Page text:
In the first century, some people used this law as an excuse for taking personal revenge. Some religious teachers—forgetting the principle of mercy—thought equal payback was always required. Jesus, however, taught a better way for His followers.Those whose hearts He has cleansed have no need to fight back. They don’t need to get even. They can give up the right to vengeance, believing that ultimately the Lord will judge all evil. When God’s people refuse to retaliate, they show they trust God to judge all things fairly in the end. In verses 39-42, Jesus offered four examples of what it means not to fight back when evil is done. In each instance, the natural tendency to fight back is overcome by a heart changed by Christ, a heart rooted in mercy, grace, compassion, and love.

Read

Ask a volunteer to read Mathew 25:31-40

When the Son of Man comes in his glory, and all the angels with him, he will sit on his throne in heavenly glory. All the nations will be gathered before him, and he will separate the people one from another as a shepherd separates the sheep from the goats. He will put the sheep on his right and the goats on his left. “Then the King will say to those on his right, ‘Come, you who are blessed by my Father; take your inheritance, the kingdom prepared for you since the creation of the world. For I was hungry and you gave me something to eat, I was thirsty and you gave me something to drink, I was a stranger and you invited me in, I needed clothes and you clothed me, I was sick and you looked after me, I was in prison and you came to visit me.’ “Then the righteous will answer him, ‘Lord, when did we see you hungry and feed you, or thirsty and give you something to drink? When did we see you a stranger and invite you in, or needing clothes and clothe you? When did we see you sick or in prison and go to visit you?’ “The King will reply, ‘I tell you the truth, whatever you did for one of the least of these brothers of mine, you did for me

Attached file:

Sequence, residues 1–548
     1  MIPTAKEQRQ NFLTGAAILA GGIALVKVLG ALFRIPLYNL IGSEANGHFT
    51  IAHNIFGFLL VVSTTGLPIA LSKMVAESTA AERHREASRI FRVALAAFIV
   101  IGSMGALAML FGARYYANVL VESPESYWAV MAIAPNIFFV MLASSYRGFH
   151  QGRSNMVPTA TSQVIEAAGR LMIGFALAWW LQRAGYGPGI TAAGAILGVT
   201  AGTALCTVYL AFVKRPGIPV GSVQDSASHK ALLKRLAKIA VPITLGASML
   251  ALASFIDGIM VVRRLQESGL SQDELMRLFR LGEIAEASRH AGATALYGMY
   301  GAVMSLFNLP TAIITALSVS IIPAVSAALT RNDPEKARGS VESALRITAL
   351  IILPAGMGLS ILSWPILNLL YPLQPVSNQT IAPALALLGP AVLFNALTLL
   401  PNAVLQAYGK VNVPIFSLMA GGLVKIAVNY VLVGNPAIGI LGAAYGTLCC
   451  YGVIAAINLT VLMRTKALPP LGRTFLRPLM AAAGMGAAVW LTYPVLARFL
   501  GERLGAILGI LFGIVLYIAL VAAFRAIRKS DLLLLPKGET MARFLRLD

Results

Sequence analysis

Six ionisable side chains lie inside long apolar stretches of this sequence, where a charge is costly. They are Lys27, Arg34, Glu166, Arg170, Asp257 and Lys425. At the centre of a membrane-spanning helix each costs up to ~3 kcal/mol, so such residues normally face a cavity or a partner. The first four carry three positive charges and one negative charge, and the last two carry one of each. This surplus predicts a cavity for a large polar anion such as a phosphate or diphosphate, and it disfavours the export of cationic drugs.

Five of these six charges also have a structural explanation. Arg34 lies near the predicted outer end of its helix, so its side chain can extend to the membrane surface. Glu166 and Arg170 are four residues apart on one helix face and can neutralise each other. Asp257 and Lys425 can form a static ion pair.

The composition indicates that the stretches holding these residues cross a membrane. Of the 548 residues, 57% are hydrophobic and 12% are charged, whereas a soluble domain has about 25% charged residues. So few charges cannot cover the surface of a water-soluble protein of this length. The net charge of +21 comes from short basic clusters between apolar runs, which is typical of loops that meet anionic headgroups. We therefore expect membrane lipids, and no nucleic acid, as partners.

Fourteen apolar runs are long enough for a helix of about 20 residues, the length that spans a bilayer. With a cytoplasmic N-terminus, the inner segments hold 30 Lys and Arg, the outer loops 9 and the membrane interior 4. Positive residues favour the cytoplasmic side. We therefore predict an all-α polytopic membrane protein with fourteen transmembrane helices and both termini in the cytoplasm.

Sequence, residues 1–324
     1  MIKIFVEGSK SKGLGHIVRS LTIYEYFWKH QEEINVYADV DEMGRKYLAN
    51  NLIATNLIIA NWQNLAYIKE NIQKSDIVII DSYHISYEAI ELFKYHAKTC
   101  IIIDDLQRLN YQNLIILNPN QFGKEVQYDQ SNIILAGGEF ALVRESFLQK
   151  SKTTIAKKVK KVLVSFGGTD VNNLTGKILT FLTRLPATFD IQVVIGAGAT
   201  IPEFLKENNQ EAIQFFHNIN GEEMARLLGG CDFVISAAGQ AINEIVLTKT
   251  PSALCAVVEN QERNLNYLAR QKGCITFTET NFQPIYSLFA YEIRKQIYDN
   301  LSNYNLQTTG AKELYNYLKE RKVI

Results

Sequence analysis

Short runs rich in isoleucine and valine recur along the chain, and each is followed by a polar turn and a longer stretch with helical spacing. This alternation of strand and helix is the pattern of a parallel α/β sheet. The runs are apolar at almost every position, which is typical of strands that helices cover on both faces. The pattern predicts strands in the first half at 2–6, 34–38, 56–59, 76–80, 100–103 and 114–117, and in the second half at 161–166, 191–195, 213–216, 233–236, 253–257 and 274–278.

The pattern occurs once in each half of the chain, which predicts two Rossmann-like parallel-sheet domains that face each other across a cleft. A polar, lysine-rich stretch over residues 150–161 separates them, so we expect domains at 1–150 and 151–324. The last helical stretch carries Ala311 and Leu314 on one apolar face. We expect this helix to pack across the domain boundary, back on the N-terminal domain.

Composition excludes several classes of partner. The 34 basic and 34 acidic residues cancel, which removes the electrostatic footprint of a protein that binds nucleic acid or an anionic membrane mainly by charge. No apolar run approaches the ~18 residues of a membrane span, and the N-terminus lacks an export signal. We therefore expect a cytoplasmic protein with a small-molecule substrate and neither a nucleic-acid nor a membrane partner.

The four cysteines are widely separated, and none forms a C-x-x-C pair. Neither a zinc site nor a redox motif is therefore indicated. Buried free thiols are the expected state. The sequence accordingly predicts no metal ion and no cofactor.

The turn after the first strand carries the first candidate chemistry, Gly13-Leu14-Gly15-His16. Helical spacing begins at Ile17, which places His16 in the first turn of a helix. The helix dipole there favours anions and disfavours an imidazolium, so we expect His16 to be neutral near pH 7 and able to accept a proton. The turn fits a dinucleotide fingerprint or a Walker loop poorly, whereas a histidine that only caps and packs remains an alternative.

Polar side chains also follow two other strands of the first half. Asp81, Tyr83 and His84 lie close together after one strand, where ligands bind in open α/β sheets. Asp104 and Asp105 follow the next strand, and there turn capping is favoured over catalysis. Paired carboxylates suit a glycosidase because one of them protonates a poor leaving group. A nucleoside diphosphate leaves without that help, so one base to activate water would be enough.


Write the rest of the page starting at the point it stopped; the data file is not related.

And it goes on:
Matthew 25:31-40
  • What did “radical love” look like to Jesus?
  • What did “all people” mean to Jesus?

 

Leader Note
Palestinian shepherds frequently had to separate their flocks similar to the way Jesus describes. Sheep and goats freely intermingled and often looked quite similar in appearance, at least from a distance. Similarly, we could probably not guess from superficial knowledge and external appearance who are truly God’s people, but Jesus knows.

Wool made sheep more valuable than goats, so naturally Jesus chose the sheep to represent those individuals who are blessed by God and inherit His kingdom. The sheep are blessed because of their good behavior. They cared for Christ, feeding Him when He was hungry, giving Him drink when thirsty, providing adequate clothing when He was ill-clad, showing Him hospitality when he was a foreigner, and visiting Him when He was sick or imprisoned. Here are three basic human needs, apart from salvation—food, shelter, and companionship.

Many of the sheep are understandably surprised. No doubt several of these conditions did characterize Christ at various stages of His earthly life, but the vast majority of the “righteous” will not have been present then and there to help Him. So how did all this happen? The texts says that they were surprised because they did not understand how they had ministered so directly to Jesus.


Point #4

Be a hero and use your life to pay it forward.


Read

We love because he first loved us.

1 John 4.19 NIV


Action Steps

  • Will you commit to being in church every week, pray before church and participate in a weekly ministry?
  • Every week look for opportunities to make a connection and go the second mile and be a hero.
  • Are you fully committed to God where you know you want to be a hero and use your life to pay it forward?

Prayer

Ask your group to share prayer requests and close in a word of prayer.



 

Brian Otte